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Lost Acres Bride by Lynna Banning
(Harl. Historical, $4.99, PG) ISBN 0-373-29037-3
**
Lost Acres Bride is a western historical romance about a determined woman who inherits a thousand acres in Oregon and decides to turn it into a cattle ranch. The fact that she's from Ohio and knows diddly-squat about ranches or cattle or even Oregon, for that matter, is not an impediment. Neither to our heroine nor to this story. And that's a shame, because I liked the original idea. A lot.

A fifteen-year-old might find this story wildly romantic, but a grown woman is likely to snort in derision at the antics of Serena Hull. When Serena arrives in Oregon (alone, on horseback) to claim her land, she runs into widower Carleton Kearney, owner of the adjoining property. Carl quickly sums up Serena as the rankest of greenhorns, which she is, and he vows not to give up the land. Not permanently. Sooner or later, this pretty thing will find out that she can't cut it and will go back East.

Of course, that wouldn't make for much of a romance, so readers must first observe Serena trying to prove that she can make a go of it. She fixes up a hay barn to use as a house. She buys thirty head of cattle from Carl, forgetting in her naivete that she'll need a bull if she wants this herd to increase. She learns to throw a rope, courtesy of Thad, Carl's nephew, but can't bring herself to cut a calf away from its mother. Instead, in one of the silliest scenes I have read in a good long time, Serena goes and puts her arms around the poor little calf and hugs it, sobbing, while the cowhands look on in disbelief and Carleton grits his teeth.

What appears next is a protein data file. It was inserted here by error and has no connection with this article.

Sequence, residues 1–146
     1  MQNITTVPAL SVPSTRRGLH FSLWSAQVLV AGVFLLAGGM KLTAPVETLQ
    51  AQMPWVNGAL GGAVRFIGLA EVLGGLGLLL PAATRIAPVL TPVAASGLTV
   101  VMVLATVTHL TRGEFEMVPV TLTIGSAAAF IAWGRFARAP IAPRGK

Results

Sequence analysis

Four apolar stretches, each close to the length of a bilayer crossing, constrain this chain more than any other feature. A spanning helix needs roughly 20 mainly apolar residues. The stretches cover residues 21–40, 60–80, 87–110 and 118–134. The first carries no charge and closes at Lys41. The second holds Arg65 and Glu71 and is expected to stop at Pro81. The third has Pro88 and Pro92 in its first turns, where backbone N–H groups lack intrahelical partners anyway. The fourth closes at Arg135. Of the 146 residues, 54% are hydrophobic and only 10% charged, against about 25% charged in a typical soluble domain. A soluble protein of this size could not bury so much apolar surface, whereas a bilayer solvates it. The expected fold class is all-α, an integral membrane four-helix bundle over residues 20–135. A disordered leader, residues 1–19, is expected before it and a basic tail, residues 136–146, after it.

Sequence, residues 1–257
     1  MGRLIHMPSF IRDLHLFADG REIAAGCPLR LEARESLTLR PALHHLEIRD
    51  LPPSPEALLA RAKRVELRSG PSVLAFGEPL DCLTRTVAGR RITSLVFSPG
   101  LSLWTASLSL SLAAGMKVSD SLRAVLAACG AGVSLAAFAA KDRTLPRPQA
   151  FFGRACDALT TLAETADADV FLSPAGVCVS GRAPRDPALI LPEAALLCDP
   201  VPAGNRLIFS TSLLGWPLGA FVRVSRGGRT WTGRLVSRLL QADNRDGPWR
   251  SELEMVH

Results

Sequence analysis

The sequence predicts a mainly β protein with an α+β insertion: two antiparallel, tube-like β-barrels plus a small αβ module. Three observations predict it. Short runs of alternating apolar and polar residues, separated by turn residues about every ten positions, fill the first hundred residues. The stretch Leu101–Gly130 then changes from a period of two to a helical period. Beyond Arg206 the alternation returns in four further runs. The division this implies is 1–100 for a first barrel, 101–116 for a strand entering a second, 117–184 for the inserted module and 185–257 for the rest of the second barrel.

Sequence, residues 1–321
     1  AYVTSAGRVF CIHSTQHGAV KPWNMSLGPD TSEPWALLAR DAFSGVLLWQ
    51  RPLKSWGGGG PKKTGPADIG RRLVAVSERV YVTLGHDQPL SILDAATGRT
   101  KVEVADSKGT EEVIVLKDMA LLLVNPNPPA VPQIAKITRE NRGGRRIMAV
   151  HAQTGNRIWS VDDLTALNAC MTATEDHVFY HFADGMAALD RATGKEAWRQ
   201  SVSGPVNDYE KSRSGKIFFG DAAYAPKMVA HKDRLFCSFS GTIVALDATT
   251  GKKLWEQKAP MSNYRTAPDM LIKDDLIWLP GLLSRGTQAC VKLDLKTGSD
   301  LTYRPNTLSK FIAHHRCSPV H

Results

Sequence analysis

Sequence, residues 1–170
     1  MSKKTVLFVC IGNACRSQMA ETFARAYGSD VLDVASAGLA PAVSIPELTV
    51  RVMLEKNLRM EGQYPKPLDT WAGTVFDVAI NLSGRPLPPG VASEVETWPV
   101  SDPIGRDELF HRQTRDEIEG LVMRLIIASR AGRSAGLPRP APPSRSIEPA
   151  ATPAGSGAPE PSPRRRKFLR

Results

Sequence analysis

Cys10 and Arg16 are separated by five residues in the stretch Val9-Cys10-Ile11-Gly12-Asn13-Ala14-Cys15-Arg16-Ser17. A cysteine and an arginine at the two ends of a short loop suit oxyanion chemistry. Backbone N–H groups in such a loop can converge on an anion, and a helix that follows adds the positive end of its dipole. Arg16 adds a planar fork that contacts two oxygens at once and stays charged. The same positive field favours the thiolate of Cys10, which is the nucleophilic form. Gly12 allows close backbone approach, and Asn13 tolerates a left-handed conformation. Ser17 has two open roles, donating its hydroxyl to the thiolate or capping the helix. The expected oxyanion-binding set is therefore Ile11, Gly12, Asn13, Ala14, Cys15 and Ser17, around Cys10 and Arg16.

You might wonder, after all this, how they could possibly fall in love. Ain't easy. Carl is one of the "my wife died and I'll never love again" types, and Serena is sure that no man will want her because of her half-Indian heritage and the two sisters she left behind in Ohio. When they embark on a cattle drive, Carl is fighting his interest in Serena so hard that he uses it as a test to make her finally see how unsuited she is to live in the West.

I find it hard to believe that Oregon, or any frontier state, could have possible been settled by such improbable characters. Not so much Carl, though his self-sacrificing martyrdom wore thin pretty quickly. But Serena is implausible from the get-go, and what makes it worse, she hasn't a clue how na´ve she is. If she had just once said to Carl, "Look, I know I'm as green as grass, but I don't have a whole lot of options left in life and I'm going to make this work no matter how many mistakes I make," then I'd have at least had some respect for her. As it was, she lifts her chin determinedly and sparks shoot from her eyes and such, but basically she's a twit. Any growth in her character came too late in the story for me.

Here's hoping the author will follow up with a heroine as strong as her plot premise next time. Here's hoping editors will quit insisting this is the kind of heroine we want to read about. And here's hoping that you have a more positive reaction to Lost Acres Bride than I did.

--Cathy Sova


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